May is Asian American Pacific Islander (AAPI) Heritage Month and we’re highlighting stories of resilience, togetherness and community from our AAPI community. Our goal is to celebrate and advocate for our AAPI community, not just this month but year-round. Second Harvest remains committed to bringing nutritious food to anyone who needs it.

Tiffany - Client in her car

Stress and Isolation: One Client’s Dream of In-Person Family Meals

Tiffany, Client | Campbell

When the Bay Area’s shelter-in-place orders went into effect in March 2020, Tiffany was terrified. As a 61-year-old full-time mom, staying home to protect herself from COVID-19 was isolating and deeply stressful. In November, Tiffany learned Second Harvest of Silicon Valley distributes free food near her Campbell home. She heard it was safe, socially distanced and best of all, a drive-thru, which ensured she could drive home the heavy boxes of food.

Tiffany’s husband and son cook the food that they receive from Second Harvest after they get home from work. They make a lot of dishes that remind her of her humble upbringing in Vietnam, and the flavors bring back fond memories of her mother’s cooking.

Tiffany’s biggest dream is once again to hug her daughter, who no longer lives with her. For the past year, they’ve only been able to greet each other while distanced in the driveway. Her daughter wants to take every precaution to reduce the risk of exposure for her because Tiffany is in a high-risk category. Tiffany is also looking forward to seeing her doctor in-person and visiting with relatives and friends. She dreams of the day when they can all have family meals together again.

Mylah Spears is a 74 year old volunteer in San Jose.

Volunteering for her Community, Rain or Shine

Mylah Spears, Volunteer | San Jose

Mylah is a 74-year-old volunteer at one of our free grocery drive-thru distributions in San Jose. She is a survivor of open brain surgery and is a proud Filipina who loves to ballroom dance. When we met her, she happily told us where else you could find her volunteering rain or shine:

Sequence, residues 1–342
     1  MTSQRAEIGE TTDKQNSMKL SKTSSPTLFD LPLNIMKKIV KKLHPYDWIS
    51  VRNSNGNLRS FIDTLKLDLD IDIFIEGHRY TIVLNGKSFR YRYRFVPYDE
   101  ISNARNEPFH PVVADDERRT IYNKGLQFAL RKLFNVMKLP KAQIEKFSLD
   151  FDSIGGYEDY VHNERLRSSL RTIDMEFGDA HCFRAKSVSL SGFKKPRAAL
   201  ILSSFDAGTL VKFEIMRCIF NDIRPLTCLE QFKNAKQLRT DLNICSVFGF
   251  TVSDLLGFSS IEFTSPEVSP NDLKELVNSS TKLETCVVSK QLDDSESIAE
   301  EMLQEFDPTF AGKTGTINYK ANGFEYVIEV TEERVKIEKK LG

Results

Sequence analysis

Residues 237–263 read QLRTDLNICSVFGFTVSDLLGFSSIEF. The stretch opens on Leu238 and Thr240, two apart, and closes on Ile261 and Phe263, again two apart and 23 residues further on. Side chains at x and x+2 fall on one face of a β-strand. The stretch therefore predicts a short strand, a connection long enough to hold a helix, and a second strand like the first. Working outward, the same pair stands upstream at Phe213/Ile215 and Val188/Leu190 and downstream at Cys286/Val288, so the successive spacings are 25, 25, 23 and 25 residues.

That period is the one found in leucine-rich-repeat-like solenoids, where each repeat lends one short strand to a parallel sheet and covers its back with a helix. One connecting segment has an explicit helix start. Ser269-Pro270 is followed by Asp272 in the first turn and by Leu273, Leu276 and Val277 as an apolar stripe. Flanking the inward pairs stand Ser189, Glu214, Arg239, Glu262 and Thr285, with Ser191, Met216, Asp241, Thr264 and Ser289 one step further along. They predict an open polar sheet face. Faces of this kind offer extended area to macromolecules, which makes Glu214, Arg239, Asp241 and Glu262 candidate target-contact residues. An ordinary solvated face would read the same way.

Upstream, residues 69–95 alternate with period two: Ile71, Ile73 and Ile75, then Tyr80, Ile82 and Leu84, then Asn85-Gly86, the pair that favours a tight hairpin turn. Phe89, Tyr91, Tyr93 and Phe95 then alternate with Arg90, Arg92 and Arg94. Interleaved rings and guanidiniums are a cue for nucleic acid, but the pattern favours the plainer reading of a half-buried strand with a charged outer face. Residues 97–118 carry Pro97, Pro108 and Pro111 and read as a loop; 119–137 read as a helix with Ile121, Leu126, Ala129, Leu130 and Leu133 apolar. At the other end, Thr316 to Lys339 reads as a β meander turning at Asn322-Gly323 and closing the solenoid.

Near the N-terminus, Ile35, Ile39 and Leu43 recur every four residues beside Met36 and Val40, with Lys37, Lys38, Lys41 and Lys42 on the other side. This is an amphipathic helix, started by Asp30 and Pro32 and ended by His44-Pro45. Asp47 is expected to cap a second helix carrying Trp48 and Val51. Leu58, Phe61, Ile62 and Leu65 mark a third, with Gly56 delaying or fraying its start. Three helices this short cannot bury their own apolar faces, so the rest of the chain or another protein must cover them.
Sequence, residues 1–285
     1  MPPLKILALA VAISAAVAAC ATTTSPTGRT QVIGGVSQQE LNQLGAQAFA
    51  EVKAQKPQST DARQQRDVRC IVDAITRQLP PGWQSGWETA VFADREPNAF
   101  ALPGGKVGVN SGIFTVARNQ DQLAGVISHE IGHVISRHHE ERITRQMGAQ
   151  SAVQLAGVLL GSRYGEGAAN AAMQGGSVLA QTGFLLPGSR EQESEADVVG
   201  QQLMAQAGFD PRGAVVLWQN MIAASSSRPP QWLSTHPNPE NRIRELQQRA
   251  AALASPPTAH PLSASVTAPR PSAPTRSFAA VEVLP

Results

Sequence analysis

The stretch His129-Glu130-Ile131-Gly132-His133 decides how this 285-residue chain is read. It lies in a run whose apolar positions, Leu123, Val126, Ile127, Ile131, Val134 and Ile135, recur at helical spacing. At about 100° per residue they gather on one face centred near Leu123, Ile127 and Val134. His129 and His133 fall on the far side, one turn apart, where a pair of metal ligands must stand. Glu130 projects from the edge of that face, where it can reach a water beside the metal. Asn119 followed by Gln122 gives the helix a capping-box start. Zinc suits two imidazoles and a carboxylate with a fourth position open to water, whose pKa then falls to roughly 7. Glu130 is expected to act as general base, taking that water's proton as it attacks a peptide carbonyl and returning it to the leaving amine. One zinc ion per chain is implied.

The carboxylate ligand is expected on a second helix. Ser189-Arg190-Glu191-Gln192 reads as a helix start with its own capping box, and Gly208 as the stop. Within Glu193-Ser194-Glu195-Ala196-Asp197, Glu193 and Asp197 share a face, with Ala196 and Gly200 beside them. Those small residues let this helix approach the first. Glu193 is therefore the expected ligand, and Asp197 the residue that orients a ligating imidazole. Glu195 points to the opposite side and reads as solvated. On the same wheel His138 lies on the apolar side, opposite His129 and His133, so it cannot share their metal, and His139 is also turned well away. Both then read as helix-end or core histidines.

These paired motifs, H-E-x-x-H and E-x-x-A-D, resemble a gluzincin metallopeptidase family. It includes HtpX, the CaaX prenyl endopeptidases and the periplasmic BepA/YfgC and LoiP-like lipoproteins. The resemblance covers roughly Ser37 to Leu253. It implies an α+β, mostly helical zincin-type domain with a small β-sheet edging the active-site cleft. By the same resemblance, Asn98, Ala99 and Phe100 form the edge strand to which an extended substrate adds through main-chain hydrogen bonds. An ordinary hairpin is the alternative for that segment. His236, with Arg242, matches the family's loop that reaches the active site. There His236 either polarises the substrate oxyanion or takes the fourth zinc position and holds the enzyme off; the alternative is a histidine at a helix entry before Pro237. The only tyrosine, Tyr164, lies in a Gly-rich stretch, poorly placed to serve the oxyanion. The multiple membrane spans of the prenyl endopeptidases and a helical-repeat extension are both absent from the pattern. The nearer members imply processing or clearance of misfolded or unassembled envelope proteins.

“I’ve volunteered at the free grocery distribution sites at Santa Theresa, St. John Vianney, then I started coming here to Our Lady of Refuge. I met my friends here and I love it here. My name is Mylah Spears. Here they call me Britney!”

Reconnecting to her Roots through Food


Maya Murthy, Staff |
Director of Nutrition

Maya Murthy is our Director of Nutrition and reflects on her upbringing this AAPI Awareness month: “My mom truly embodies the spirit of immigrants who came to this country in the 70s. Everyone in [my parent’s] friend group was missing Indian food, now being in a new country, and she would prepare the staples for everyone most weekends. Today, I rely on dal, and really any traditional South Indian vegetarian fare, to reset, recenter, and reconnect to my culture and my family.”

Maya’s focus at Second Harvest has always been advocating for our clients and their access to nutritious food:

“The work that my team does – developing delicious, culturally relevant, simple recipes for our clients and sharing love for nourishment and culture – is one way we are fostering resilience in our community. It’s such important work, especially this far into the pandemic.”

Maya Murthy is Second Harvest of Silicon Valley's Director of Nutrition
Mylah Spears is a 74 year old volunteer in San Jose.

Sharing Love and Compassion through Food

Kelly Chew, Director of Services | San Jose

“Sharing food is a common value in Asian culture. We are sharing love and compassion through food.”

Kelly Chew grew up in Hong Kong and moved to San Jose when she was a teen. After gaining experience in clinical nutrition and social work, she joined Second Harvest in November of 2018 as Director of Services, leading the team that connects neighbors in our community with food resources from Second Harvest.

“I believe food is a universal language. Food is a common ground that brings people together. There are so many times our clients build trust with us by accessing our food programs. Gradually, they share their struggles and we can connect them with other social services.”